Around Valentine's Day, media s full of images of fit women in silk kimonos and red, lacy underthings — and while those images can be fun, the bulk it is somewhat homogenous and heteronormative. However, the Adipositivity Project’s Valentine Series, a collection of photographs showing different bodied couples, breaks that mold. The project focuses on diverse couples of different shapes and sizes — and by putting them at the forefront, the underlying message is that all bodies deserve love.
Substantia Jones, the creator and photographer behind the Adipositivity Project’s Valentine Series, is trying to broaden the definitions of physical beauty by showing different body types naked. Jones created the Adipositivity Project with the hopes of encouraging the discussion of body politics — she's trying to show her audience fat people's bodies in ways that are absent from mainstream media, with the hopes that the more we see them, the faster people are able to accept and respect them.
"Repeated exposure to positive (or even neutral) depictions of fat bodies is known to help people accept their own fat bodies, as well as those of others. I find the two fuel one another. And that’s all I want, really. I want people to love their bodies and allow others to love their own," Jones tells Bustle.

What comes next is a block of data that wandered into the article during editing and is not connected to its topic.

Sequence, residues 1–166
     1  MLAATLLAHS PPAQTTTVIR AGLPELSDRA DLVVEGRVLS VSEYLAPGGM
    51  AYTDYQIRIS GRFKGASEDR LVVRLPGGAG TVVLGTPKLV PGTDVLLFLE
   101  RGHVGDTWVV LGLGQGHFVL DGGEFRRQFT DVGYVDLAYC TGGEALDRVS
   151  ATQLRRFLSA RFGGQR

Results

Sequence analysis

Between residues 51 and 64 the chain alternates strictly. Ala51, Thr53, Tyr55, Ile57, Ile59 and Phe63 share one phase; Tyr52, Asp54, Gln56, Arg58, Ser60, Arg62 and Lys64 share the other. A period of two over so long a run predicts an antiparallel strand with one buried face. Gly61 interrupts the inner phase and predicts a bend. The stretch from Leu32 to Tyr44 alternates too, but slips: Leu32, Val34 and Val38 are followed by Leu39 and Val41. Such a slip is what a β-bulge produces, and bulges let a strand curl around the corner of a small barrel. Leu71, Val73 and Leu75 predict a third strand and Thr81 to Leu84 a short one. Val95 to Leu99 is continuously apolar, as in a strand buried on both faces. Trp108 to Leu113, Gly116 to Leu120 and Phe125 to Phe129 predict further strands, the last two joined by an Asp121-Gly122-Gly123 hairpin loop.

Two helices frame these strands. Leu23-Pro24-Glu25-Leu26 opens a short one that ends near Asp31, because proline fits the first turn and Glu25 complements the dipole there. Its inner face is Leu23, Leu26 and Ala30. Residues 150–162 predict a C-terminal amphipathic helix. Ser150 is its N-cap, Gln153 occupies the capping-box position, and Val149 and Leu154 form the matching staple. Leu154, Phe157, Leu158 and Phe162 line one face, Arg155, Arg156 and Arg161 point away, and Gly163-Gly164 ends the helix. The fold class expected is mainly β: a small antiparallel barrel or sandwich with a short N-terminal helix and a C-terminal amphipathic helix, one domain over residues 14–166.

Each year, Jones photographs plus size people with their partners for the Adipositivity Project’s Valentine Series. She shoots the love birds totally naked, posting a picture or two each day in February until Valentine's Day.
The Valentine series began in a super organic way, at one of her regular photo shoots. "Years ago an Adiposer brought a date to her shoot. I don’t recommend it, but this one worked out great, as he suggested I also photograph fat people with their squeezes," Jones shares. "I thought it was a great idea, and Mr. Idea Dude dropped trou for me right then and there, and the two of them became the first Adipositivity Valentine couple. There’s been a whole lotta love in the years since."
Even though her subjects are naked, the locations for the shoot are varied and super interesting. "In an LA grotto, on a South Pacific island hilltop, a downtown Detroit street, alongside New York City’s East River, and one overlooking the Hudson. In a rainy field with fire batons (!), and in matching onesies. Not to mention more than a few in beds and backyards," Jones shares.
The photos in the 2017 Valentine's series will represent participants of color, the disabled, and the LGBT community, amongst others.
"Seeing yourself represented in media and culture is vital to your well-being. Feeling invisible can contribute to minority stress and further marginalization. The aim of the Adipositivity Project is to create visibility fat people, many of whom are also part of other marginalized populations," Jones explains. "It wouldn’t occur to me not to include them. Non-intersectional activism would be counter-productive. It’s important that the project reflect the world we live in. Love is for everybody. As is self-love."
To see both last years photos and to keep up with the unveiling 2017 series, check out the collection at The Adipositivity Project.
Images: The Adipositivity Project (7)